Key products and services, such as smartphones, ATMs, ticketing machines and banking services, will be made more accessible to people with disabilities.
The European Accessibility Act (EAA), approved by Parliament with 613 votes to 23, with 36 abstentions on Wednesday, March 13 aims to improve the daily lives of disabled and elderly people, also opening the door for more innovation.
The new directive, provisionally agreed with the Council in November, set out requirements to make a number of products and services more accessible, such as: ticketing and check-in machines, ATMs and other payment terminals, PCs and operating systems, smartphones, tablets and TV equipment, consumer banking services, e-books and dedicated software, e-commerce services, air, bus, rail and waterborne passenger transport services, including real-time travel information.
The EAA outlines what needs to become more accessible, without imposing detailed technical solutions, thus allowing for innovation. Microenterprises will be exempted from some obligations.
Accessibility requirements, for example regarding ramps, doors, public toilets and staircases, currently vary across EU countries. In order to make the built environment progressively more accessible to disabled persons, member states are encouraged to align their requirements as much as possible.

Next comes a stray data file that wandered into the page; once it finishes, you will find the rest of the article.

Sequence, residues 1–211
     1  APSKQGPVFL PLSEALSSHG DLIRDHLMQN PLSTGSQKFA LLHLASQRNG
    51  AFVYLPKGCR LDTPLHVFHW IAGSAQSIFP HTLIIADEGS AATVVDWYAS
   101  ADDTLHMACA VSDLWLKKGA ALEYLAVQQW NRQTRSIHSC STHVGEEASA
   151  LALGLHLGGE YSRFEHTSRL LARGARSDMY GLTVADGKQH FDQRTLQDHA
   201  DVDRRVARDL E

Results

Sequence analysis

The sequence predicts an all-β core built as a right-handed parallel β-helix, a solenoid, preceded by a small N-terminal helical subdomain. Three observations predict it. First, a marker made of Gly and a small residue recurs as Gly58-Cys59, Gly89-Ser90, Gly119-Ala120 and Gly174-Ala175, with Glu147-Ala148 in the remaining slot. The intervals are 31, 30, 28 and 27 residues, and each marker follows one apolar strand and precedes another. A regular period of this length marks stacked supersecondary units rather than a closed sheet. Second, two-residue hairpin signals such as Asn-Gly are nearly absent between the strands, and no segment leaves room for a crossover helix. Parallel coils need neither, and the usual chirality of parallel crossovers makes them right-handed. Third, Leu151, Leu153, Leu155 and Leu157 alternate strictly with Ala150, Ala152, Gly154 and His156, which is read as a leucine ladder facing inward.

Morten Lokkegaard, who steered this legislation through Parliament, said: “These long-awaited rules will make a big difference not only to the millions of citizens with disabilities, but also to a lot more people, such as elderly persons. A disabled person will soon be able to use self-service machines and everyday products such as computers, phones and e-books.
“European businesses will also have more opportunities, since we were able to include public procurement in the Act and to introduce provisions that will unburden microenterprises. Consumers with disabilities now will have greater access to the digital economy, and innovation will still be possible”.
The draft directive now needs to be formally approved by the Council and published in the EU Official Journal to come into force. Member States will then have three years to introduce the new provisions into their national laws, and six years to apply them. Transitional periods are foreseen for specific situations.
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